voltages to produce resultant sustained voltages Vnais by vsuppressing the-lower frequency com
‘ and electrostatically applying said sustained volt
ages to control the transmission I' of undistorted
ponents of the received signal impulses, a 'repeat-ing or relaying arrangement connected to the
output. of >said amplifying means embodying a
4. vIn a' communication system having- a rect-.fiv-l ` vtransformer and a pair of thermionic vacuum 40
ing terminal provided withsignalsliaping and ' tubes having anode, cathodeand grid elements,amplifying meanswhich distort 'the received sig '_said tubes being connected in inverter arrange
signals.
.
`
>
nals icy-suppressing the lower vfrequency com
. ponents of the received signal impulses, a repeat
ing or relaying apparatus embodying a circuit _
arrangement havinga thermionic vacuum tube
provided with anode, cathode and grid elements,
a current source, a relay for repeating or relaying
signal impulses from said source to a recorder or
_ transmission line, said relay having its operating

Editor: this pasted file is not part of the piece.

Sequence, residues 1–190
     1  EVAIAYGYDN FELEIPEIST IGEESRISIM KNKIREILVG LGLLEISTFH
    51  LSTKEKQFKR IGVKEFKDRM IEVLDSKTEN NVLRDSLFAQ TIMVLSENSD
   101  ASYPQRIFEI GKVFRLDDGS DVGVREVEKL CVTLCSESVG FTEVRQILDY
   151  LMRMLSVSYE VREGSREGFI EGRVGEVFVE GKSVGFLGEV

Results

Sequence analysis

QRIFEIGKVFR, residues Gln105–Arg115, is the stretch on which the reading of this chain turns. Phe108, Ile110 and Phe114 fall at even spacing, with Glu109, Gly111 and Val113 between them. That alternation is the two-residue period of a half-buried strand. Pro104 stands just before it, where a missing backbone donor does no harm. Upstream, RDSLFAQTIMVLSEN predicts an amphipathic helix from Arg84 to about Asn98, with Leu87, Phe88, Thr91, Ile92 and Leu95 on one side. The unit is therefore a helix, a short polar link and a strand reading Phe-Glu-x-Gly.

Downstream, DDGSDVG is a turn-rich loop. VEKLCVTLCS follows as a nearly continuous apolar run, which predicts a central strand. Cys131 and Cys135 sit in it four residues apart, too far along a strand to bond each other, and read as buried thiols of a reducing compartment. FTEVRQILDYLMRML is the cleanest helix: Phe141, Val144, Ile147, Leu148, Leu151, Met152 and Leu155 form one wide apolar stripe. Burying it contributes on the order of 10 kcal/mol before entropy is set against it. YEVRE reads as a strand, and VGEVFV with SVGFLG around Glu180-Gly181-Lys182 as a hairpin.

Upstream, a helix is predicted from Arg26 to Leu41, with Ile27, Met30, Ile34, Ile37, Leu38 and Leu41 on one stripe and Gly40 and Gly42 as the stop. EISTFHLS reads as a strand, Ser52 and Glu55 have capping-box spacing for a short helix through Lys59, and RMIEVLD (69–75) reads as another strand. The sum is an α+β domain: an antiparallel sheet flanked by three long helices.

ment with their grid elements connected to the
lsecondary of the transformer, a source of elec- `
trical energy, a rcorrection network having char-_
acteristics whic transmit only ¿frequency corn-l
ponents corresponding to said suppressed com
ponents of the received signals, means for con
necting said network to saidsource in synchro
nism with the received signals,I means for sub 50
coil in the output of said tube, means for ¿pro - jecting >said tubes to thel conjoint control of the _
ducing a correction voltage having characteristics received signals and the output of said network,
which are an inverse function of the decay of the and means'in the output of the tubes for repeat
distorted received signal voltages, and means to ing signals into a recorder or transmission line@
subject the grid of said tube 'tc the conjoint-
control of the received distorted'voltage -and the
' HAROLD F.` wnnna.